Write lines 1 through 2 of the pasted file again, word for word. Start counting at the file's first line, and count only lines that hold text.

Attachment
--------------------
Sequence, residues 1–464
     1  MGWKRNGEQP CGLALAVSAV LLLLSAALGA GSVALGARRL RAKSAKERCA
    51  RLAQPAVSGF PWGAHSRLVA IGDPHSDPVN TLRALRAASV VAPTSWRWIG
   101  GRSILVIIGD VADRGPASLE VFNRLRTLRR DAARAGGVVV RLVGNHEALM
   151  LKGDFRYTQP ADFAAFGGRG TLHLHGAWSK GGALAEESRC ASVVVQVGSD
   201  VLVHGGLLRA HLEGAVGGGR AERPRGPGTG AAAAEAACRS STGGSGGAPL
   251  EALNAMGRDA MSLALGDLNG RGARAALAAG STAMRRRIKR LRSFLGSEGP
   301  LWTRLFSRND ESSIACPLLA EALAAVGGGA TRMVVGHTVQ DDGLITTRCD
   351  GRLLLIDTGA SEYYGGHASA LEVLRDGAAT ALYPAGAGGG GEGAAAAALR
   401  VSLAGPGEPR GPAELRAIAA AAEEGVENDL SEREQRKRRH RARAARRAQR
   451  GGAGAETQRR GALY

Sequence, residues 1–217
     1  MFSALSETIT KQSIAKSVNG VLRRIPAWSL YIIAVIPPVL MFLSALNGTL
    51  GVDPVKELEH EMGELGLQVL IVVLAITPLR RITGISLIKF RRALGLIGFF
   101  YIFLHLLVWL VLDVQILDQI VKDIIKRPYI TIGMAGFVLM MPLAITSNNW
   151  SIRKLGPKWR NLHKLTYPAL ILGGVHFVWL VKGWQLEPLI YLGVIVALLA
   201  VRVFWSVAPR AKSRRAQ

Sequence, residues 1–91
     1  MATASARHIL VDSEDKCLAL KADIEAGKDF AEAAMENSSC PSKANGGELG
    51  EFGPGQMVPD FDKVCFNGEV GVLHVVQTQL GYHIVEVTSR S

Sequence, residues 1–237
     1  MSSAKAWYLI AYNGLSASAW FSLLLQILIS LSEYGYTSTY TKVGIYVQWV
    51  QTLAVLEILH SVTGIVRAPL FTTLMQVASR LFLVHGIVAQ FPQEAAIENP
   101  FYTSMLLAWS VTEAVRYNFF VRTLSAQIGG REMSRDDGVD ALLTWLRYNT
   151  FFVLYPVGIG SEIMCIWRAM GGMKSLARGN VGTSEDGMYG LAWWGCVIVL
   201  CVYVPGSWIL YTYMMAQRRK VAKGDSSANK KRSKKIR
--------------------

Sequence, residues 1–464
     1  MGWKRNGEQP CGLALAVSAV LLLLSAALGA GSVALGARRL RAKSAKERCA